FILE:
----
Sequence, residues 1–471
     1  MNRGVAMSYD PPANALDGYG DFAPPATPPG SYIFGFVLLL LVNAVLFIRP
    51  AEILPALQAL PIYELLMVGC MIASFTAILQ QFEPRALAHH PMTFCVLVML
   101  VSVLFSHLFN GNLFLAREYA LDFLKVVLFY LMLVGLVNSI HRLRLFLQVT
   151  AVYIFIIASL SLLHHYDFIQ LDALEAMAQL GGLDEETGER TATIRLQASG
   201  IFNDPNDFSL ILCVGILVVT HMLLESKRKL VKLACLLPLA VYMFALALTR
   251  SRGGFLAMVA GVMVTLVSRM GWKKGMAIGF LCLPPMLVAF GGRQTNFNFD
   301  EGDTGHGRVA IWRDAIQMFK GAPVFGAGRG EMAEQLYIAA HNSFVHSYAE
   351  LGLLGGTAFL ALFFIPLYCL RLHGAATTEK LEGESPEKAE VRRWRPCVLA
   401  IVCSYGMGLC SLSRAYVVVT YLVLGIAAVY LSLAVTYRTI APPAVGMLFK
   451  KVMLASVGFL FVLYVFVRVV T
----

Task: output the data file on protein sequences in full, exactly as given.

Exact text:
Sequence, residues 1–471
     1  MNRGVAMSYD PPANALDGYG DFAPPATPPG SYIFGFVLLL LVNAVLFIRP
    51  AEILPALQAL PIYELLMVGC MIASFTAILQ QFEPRALAHH PMTFCVLVML
   101  VSVLFSHLFN GNLFLAREYA LDFLKVVLFY LMLVGLVNSI HRLRLFLQVT
   151  AVYIFIIASL SLLHHYDFIQ LDALEAMAQL GGLDEETGER TATIRLQASG
   201  IFNDPNDFSL ILCVGILVVT HMLLESKRKL VKLACLLPLA VYMFALALTR
   251  SRGGFLAMVA GVMVTLVSRM GWKKGMAIGF LCLPPMLVAF GGRQTNFNFD
   301  EGDTGHGRVA IWRDAIQMFK GAPVFGAGRG EMAEQLYIAA HNSFVHSYAE
   351  LGLLGGTAFL ALFFIPLYCL RLHGAATTEK LEGESPEKAE VRRWRPCVLA
   401  IVCSYGMGLC SLSRAYVVVT YLVLGIAAVY LSLAVTYRTI APPAVGMLFK
   451  KVMLASVGFL FVLYVFVRVV T